One thing is for certain; the X-32 was a ridiculously ugly aircraft. It looked like nothing so much as the spawn of an A-7 Corsair and a hideously deformed manatee. The F-35 is no prize from an aesthetic point of view, lacking the sleek, dangerous lines of the F-22, but the X-32 made the F-35 look positively sexy by comparison. How much should this matter? Not a bit. How much did it matter? Good question. Fighter pilots don’t like to fly aircraft that look like they could be run over by Florida speed boat.
Buzzwords exist because they have utility and cease to exist when they are no longer of use to anyone. They are a form of the specialized vocabulary found in any profession, although the imprecision of the “national security analyst” community necessarily makes defense buzzwords less precise than they might be. The fuzziness of the community (and the associated buzzwords) stems from the fact that it extends across a wide range of organizations and specializations, from the military to the academy to the think tank family to the halls of Congress.
In the early years of World War II, it looked as if Germany might have the luxury to spend its time developing a new generation of super-weapons. The Nazis haphazardly pursued the idea of building an atomic bomb, with an eye toward eventual conflict with the United States. However, the immediate demands of war, combined with Western Allied sabotage, undercut the program, leaving it at the basic research stage by war’s end.
But what if the Germans had devoted more attention to the program, or had lucked into more substantial breakthroughs? What could the Nazis have done with an atomic weapon?
By Official Navy Page from United States of America MC3 Alex R. Forster/U.S. Navy – A helicopter approaches USS Nitze to land., Public Domain,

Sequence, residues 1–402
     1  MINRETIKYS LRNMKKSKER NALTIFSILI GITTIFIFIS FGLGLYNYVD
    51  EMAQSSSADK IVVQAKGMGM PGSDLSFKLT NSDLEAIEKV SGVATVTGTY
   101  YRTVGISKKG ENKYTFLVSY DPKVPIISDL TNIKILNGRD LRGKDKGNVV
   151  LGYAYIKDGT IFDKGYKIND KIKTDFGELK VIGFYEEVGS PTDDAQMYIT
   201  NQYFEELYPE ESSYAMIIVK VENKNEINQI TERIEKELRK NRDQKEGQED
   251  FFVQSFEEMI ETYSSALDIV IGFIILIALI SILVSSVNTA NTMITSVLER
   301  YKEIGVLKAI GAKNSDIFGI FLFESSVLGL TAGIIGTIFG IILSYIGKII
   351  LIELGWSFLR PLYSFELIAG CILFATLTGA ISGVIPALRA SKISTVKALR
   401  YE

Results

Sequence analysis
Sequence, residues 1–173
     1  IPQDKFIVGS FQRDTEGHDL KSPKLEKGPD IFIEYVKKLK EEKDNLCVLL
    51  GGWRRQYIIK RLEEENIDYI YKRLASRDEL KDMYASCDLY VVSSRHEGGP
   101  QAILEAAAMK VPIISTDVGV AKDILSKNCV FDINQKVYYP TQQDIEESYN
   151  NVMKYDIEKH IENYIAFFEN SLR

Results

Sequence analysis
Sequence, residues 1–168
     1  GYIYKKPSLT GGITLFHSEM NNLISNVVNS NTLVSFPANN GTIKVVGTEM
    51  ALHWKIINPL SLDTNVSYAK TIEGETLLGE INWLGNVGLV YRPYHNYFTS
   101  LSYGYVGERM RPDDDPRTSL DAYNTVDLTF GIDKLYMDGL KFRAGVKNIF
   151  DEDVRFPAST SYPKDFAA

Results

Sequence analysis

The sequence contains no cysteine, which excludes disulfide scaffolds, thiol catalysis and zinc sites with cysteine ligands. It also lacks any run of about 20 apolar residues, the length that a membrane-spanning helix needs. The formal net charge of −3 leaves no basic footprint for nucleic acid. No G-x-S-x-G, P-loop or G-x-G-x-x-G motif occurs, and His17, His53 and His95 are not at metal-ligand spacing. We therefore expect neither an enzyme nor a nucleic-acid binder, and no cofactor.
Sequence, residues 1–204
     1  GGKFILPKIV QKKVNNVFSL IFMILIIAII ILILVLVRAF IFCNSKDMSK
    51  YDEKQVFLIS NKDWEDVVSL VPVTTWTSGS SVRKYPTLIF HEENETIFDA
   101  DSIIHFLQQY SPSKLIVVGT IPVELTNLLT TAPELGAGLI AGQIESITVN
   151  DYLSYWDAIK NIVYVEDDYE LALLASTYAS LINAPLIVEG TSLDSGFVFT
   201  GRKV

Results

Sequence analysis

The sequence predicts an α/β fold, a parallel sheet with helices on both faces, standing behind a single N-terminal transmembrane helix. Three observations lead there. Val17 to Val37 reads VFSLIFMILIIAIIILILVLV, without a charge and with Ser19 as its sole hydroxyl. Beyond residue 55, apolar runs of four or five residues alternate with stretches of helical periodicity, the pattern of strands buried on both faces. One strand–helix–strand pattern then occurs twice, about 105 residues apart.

For those not really paying attention, this morning the destroyer USS Nitze hit three coastal radar installations in Houthi-controlled portions of Yemen. The strikes were in response to land-based cruise missile attacks against USS Mason, another USN destroyer operating in the area. The Mason came under attack on Sunday, and again yesterday, from two missile salvos (believed to be C-802s), and defended itself with SM-2 Standard and ESSM Evolved Sea Sparrow surface-to-air missiles. At this point it remains unclear whether the counter-measures were effective, or whether the cruise missiles simply crashed into the sea of their own accord.
Word is that the initial Houthi attacks are meant as a response to the big Saudi strike that killed a large number of people at a funeral last week. The Houthi may have gotten the missiles from Iran, although other suppliers are possible. The strikes on the coastal radar installations are intended to blind the missile launchers; without radar to identify targets, sending off a cruise missile is a pretty hopeless endeavor.
Escalation? Sure, but fairly measured at this point. The US attacks aren’t intended to send a “message,” but rather to cut out a critical part of the recon-strike complex. If the Houthi continue to launch such attacks on US or neutral shipping, or if they undertake other kinds of attacks (the small boat swarm that took out the former HSV-2) then the USN might pursue less limited options.
The broader context is ongoing US support for Saudi Arabia’s war in Yemen, which is predicated almost entirely upon the need to not make the Saudis feel sad and lonely after the Iran nuclear deal. I can understand the strategic logic of this support, but there really should be limits to how many people we’ll let the Saudis kill just so that they continue to feel loved.
Hillary Clinton and Sergei Lavrov with reset button. By U.S. State Department.